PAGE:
Three cheers to the couple- Rekha Ramu and Parthasarthy, who went out of their way to bring back the organic farming culture from the 50-year old deep-rooted clutches of Green Revolution and initiated the Organic Farmers cooperative Market (OFM).
This is how it all started…
Both Rekha and Parthasarathy worked in high paying IT firms in Chennai and had all modern facilities at their home and surroundings. The wheels of thought started rolling in when their little son fell ill. The couple wondered as to what went wrong in their child’s feeding. This spark dismantled the couple’s idea of ‘modern’ lifestyle. Consequently, they started reading several books and other resources that discussed this issue. They realized during their research that the causes for most of the diseases were pesticide-sprayed food and complicated modern lifestyle. The couple then decided to consume only organic food. They tried convincing their families, who were into agriculture, to use organic methods for farming. Afraid of the low quantity of the produce, their families refused to adopt organic farming.
Organic Farming Revisited
Ardent on their vision, the couple quit their jobs in the city. They acquired a small piece of land from their families and started cultivating on this piece of land using purely organic methods. The couple was successful in their efforts despite some initial travails. And now, nearly 6 years later, over 100 acres of the area around their village, Pandeiswaram, is being cultivated using only organic farming techniques.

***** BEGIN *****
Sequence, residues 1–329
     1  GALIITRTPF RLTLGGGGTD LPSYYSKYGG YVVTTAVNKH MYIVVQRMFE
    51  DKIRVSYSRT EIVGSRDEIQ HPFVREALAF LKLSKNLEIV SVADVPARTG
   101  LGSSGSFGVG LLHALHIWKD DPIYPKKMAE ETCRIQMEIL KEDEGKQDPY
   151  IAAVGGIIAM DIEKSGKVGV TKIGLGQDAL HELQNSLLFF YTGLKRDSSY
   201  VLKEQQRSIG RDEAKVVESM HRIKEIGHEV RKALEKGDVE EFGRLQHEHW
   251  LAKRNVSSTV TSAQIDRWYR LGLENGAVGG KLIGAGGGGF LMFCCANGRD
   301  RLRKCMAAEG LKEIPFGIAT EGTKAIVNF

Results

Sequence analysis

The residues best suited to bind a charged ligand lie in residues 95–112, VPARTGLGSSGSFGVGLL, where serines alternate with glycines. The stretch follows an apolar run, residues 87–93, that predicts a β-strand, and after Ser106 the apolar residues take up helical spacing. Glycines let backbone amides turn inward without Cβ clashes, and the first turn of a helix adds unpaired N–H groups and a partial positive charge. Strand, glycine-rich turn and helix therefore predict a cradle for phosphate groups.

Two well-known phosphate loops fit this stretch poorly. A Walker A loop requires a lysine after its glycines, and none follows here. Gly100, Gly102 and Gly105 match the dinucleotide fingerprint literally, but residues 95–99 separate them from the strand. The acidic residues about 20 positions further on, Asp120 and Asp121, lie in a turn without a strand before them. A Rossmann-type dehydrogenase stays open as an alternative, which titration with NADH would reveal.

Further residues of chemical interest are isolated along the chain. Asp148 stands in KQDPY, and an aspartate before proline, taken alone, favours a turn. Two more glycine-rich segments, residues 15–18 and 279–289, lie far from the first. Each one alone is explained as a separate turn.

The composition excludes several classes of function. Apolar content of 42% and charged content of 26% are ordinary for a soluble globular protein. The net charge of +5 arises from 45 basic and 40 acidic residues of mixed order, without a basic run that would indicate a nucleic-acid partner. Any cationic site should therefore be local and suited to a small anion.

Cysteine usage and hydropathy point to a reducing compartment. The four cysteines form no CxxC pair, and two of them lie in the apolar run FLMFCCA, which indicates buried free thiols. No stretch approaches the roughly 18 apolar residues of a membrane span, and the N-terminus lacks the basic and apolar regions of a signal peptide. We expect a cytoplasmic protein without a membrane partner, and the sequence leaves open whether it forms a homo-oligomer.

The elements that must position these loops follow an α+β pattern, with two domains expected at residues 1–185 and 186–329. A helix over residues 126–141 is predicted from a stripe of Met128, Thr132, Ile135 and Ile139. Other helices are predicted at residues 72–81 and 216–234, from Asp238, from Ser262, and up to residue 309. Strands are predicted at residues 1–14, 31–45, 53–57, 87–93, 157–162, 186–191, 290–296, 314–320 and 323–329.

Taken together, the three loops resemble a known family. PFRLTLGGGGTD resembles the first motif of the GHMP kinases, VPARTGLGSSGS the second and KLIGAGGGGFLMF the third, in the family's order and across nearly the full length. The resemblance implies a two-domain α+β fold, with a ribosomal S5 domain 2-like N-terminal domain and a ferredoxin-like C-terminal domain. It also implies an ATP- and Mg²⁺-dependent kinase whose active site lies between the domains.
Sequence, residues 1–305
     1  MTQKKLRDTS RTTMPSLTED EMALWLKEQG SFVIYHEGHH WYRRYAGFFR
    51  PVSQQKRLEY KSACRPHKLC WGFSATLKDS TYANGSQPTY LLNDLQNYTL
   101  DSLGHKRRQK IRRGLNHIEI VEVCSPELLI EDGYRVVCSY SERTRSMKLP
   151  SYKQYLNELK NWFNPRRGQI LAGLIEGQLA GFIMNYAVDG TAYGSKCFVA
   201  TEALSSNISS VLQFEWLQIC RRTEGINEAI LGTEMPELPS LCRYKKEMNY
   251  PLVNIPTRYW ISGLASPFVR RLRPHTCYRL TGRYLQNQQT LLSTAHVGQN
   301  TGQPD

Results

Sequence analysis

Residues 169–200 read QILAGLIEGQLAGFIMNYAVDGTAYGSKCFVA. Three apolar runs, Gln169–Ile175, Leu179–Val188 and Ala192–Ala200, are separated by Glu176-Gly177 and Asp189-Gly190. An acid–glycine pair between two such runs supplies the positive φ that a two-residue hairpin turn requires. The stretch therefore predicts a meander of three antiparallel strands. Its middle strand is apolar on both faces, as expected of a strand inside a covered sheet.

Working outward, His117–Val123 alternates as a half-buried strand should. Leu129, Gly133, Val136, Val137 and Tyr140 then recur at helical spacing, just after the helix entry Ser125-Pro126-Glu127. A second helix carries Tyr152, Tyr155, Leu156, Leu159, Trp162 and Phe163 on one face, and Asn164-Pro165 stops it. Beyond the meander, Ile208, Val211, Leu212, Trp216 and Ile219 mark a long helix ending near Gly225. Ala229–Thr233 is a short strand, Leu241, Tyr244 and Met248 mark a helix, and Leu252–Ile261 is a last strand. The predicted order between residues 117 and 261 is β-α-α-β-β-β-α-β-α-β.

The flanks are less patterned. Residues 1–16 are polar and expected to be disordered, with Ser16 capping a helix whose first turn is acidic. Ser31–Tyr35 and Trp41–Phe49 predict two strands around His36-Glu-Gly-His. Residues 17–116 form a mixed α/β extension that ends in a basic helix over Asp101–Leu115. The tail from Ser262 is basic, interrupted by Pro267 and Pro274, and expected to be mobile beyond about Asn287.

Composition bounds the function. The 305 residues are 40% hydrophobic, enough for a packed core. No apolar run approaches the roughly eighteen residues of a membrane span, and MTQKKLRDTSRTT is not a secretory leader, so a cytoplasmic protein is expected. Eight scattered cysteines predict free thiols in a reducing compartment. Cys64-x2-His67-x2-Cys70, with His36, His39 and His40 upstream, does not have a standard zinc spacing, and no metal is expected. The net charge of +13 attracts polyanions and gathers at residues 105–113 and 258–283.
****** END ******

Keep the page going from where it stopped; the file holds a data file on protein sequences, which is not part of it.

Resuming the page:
Marketing the produce
One of the challenges that the couple faced was to sell their produce in the market at a reasonable price. Rekha, who was a finance consultant with an IT major, with the support of other like-minded people initiated the idea of Organic Farming Cooperative Market (OFM). OFM was intended to be a platform for the farmers to directly sell their produce to consumers. Today, OFM has 17 outlets in and around Chennai helping farmers to sell their produce at reasonable rates. And it is also helping consumers to have access to genuine and healthy food grains and vegetables, thus making it a solution for two polar problems.
The enthusiastic couple also indulges in organizing events which promote ancient traditional practices for a healthy lifestyle. One such recent event was “Bringing the mud back”, which involved emphasizing the importance of using earthen cookware. It also invited the interested to try their hands on the potter’s wheel. A noteworthy fact is – the organizers make sure that all these events are plastic-free and litter-free. The couple has also announced the opening of a children’s club- “Under the Big Mango tree”. This club aims at encouraging children across ages to learn and explore home based ecological activities.
It is worthwhile to note that these ideas can be replicated in quite a few cities and suburbs across India. This is possible by connecting them to nearby agricultural lands through platforms like OFMs. Our takeaway from the duo’s story is quite evident yet deep – it is important to chase the problems down to their roots. We can then solve them with critical questioning and perseverance. And this approach can make a real difference in the world we live in.